The idea of controlling your entertainment system using an iPhone
is not new. For years now, owners of wholehouse entertainment and automation systems
have had the option to control their systems via their iPhone--as just about every major control and automation company now offers iPhone integration. Likewise, big-name A/V manufacturers like Samsung, Sony, and Panasonic offer free apps that allow users to control that company's gear with their handheld device. The next logical step falls in between: the iPhone or iPod touch as a standalone universal remote control. You don't need a wholehouse control platform, and you're not locked to one manufacturer's app and equipment. Several companies have recently introduced an iPhone-based universal controller, including Peel, Griffin, and Harmony. The Peel system is the first one we've had a chance to test.Additional Resources
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from Home Theater Review's staff.
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Peel is a free app designed to improve your TV channel-surfing experience. No longer must you scroll through a generic onscreen program guide or physically change channels to see what's on. Instead, you can tell the Peel app where you live and which service provider you use, and then get a much more intuitive breakdown of what's on TV. The Peel interface divides content into five categories: Top Picks, TV Shows, Movies, Sports, and Search. Within the main categories, it further divides by genre: comedy, drama, kids, type of sport, etc. You're not just looking at a bunch of text lists, either: The interface includes colorful cover art, with full plot descriptions. Via touchscreen control, it's easy to browse the different options, read about various shows, and look ahead to future time slots--all without having to interrupt what's currently playing on your TV by pulling up an onscreen program guide.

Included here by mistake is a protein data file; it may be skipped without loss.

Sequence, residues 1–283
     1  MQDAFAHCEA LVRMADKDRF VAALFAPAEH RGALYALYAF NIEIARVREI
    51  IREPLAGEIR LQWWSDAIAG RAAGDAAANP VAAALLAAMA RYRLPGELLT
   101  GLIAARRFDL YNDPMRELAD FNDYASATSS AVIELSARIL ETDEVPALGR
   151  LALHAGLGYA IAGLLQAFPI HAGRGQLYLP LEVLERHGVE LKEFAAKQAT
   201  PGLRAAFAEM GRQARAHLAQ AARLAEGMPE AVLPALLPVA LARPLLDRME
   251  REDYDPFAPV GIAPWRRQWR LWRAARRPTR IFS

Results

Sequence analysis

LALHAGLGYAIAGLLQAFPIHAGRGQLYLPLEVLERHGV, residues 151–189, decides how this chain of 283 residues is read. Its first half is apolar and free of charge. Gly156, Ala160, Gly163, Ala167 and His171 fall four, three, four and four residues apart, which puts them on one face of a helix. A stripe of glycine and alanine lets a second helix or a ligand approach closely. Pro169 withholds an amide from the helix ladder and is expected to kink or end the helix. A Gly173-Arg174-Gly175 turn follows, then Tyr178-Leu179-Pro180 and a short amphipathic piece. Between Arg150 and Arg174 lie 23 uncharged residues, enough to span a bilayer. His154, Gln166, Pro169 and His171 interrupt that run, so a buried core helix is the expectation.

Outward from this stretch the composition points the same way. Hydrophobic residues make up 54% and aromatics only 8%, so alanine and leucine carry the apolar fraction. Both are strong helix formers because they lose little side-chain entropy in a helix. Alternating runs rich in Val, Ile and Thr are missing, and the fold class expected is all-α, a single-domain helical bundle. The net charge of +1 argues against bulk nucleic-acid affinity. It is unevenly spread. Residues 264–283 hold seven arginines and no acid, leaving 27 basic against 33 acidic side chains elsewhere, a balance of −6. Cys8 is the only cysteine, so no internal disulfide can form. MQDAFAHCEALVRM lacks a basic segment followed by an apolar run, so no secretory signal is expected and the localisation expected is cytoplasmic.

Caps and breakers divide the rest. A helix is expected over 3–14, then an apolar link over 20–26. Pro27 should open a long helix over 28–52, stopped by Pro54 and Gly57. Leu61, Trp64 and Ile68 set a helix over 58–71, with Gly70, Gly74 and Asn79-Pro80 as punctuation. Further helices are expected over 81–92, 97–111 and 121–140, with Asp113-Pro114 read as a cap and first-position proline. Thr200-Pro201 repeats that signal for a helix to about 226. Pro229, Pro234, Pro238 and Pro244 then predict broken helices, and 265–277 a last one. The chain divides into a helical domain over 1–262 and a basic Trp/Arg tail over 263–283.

In the Top Picks category, Peel will recommend content based on the personal information you provide during setup (if desired). As with music apps like Pandora
, Peel grows smarter as you give it more feedback about the types of shows you like and dislike. Click the star for shows you like or the X for shows you don't (if you have a change of heart, you can go into Settings and alter these lists). One screen is dedicated to your favorite shows, and another allows you to list favorite channels, so you can customize a mini-guide and see what's currently playing on your most-watched channels.The Fruit
The logical evolution of that channel-surfing idea was to add the ability to control your set-top box so that you could tune to a particular program once you've found it using the app. This is where "the fruit" comes in. The Peel Fruit ($99) features two parts: a small network adapter that connects to your router and a pear-shaped (hence the name) IR blaster. It's a very easy system to set up, with clear instructions in the box: 1) Connect the network adapter box (called the Peel Cable) to your router with an Ethernet cable and plug it into a power outlet; 2) put a C battery into the wireless Peel Fruit; 3) make sure your iPhone is connected to the same network via WiFi; and 4) pair the Fruit and the iPhone using a supplied code. The Peel Cable receives commands from your iPhone and then sends those commands over the wireless ZigBee standard to the Peel Fruit, which in turn sends out IR codes to your A/V gear. Because the Peel Fruit sends out IR, it needs to have line-of-sight with your equipment; the company recommends that the Peel Fruit be no farther than 15 feet from your A/V equipment and 25 feet from the Peel Cable.